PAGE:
By the time I got on the plane back to London I was about ready to have a nervous breakdown. And so I battened down the hatches and cauterised my emotions. My seven-year marriage had ended the year before and I knew my primary role now was to be a good father to my two sons. When the glass doors at the airport opened, Gabriel stepped forward on his scooter and greeted me: “Hi, Daddy. I’m four!” I knelt down and hugged him. “I know, Gaby. I’m so sorry I missed your birthday”

His birthday had been the worst day of my captivity. As I lay on the bed in my cell I was able to see the whole day unfold. I watched him wake up and rush into Mummy’s bedroom. I could tell he was expecting a present from me, or at least a phone call. He waited all day for me to call. Worst of all, before he fell asleep I knew his last thoughts would be: “I wonder why he didn’t call. Perhaps my Daddy doesn’t love me.” And so, for the sake of my children, when I got back home I decided to bottle up my emotions and postpone my breakdown until a more convenient date. With hindsight, I can see that might have been my first mistake.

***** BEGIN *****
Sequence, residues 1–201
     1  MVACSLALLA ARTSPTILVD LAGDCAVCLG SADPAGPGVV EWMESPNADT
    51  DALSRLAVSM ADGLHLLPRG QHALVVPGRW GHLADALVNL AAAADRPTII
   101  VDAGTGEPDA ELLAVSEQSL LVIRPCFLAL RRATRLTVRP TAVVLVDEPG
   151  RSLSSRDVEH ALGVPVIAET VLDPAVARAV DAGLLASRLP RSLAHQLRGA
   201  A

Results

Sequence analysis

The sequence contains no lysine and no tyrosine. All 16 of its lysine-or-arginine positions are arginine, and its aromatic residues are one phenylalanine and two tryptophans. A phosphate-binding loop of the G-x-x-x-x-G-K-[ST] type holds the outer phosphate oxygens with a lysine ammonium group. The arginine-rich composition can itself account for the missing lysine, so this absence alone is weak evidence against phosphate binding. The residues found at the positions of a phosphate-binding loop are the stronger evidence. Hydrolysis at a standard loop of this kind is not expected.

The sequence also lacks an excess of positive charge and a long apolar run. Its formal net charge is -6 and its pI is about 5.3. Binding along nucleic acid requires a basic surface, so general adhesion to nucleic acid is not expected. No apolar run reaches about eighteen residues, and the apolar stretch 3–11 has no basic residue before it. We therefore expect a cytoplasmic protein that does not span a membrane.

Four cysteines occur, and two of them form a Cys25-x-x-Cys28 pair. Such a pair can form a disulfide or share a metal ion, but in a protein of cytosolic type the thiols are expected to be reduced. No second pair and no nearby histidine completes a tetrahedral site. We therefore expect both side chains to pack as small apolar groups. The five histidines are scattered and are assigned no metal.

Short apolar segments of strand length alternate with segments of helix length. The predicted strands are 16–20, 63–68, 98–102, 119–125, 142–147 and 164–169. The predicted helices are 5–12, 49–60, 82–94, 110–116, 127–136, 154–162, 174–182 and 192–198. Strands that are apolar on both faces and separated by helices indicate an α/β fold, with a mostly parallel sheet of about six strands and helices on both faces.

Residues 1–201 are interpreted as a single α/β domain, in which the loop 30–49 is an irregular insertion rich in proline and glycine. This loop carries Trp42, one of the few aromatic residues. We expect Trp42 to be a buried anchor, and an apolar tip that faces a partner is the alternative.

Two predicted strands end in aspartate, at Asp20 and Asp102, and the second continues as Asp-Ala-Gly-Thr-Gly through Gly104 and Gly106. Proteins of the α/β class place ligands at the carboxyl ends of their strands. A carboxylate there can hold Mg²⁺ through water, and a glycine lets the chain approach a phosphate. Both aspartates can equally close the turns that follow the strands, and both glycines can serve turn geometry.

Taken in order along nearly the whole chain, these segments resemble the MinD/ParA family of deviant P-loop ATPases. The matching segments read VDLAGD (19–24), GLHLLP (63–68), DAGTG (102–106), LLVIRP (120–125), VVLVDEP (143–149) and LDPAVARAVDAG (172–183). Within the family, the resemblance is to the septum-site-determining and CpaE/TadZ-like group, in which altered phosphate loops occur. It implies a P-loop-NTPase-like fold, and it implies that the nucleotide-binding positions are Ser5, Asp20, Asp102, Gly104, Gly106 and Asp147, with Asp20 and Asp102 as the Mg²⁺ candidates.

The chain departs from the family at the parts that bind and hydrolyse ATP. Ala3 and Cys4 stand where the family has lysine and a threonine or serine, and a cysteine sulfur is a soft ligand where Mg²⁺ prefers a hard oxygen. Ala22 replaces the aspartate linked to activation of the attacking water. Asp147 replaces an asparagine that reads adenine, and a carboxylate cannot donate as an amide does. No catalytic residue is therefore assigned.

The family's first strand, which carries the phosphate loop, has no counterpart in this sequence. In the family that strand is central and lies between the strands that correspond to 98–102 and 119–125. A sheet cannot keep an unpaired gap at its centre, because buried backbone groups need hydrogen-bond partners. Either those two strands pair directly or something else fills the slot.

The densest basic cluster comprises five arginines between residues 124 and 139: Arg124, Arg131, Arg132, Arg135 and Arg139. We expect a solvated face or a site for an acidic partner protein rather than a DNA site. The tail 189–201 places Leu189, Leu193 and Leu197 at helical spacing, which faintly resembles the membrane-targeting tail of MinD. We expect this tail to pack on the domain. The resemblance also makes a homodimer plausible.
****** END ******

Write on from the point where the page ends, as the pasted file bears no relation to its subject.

My second mistake was agreeing to go on Richard & Judy [a TV chat show]. One minute I’m sitting in a dark room, waiting to have my head chopped off by the Taliban, and the next thing I know I’m sitting next to my fellow guest, Henry Winkler, who played the Fonz in Happy Days. Even before I opened my mouth, Judy’s eyes welled up and she started blubbing. Looking back, if you were to ask me to plot the development of my post-traumatic stress disorder on a chart, I would pinpoint that precise moment as the start. Because what passes as relatively normal life in London struck me as simply surreal. And, like a deep-sea diver who comes up too fast, my mind got a severe case of the bends.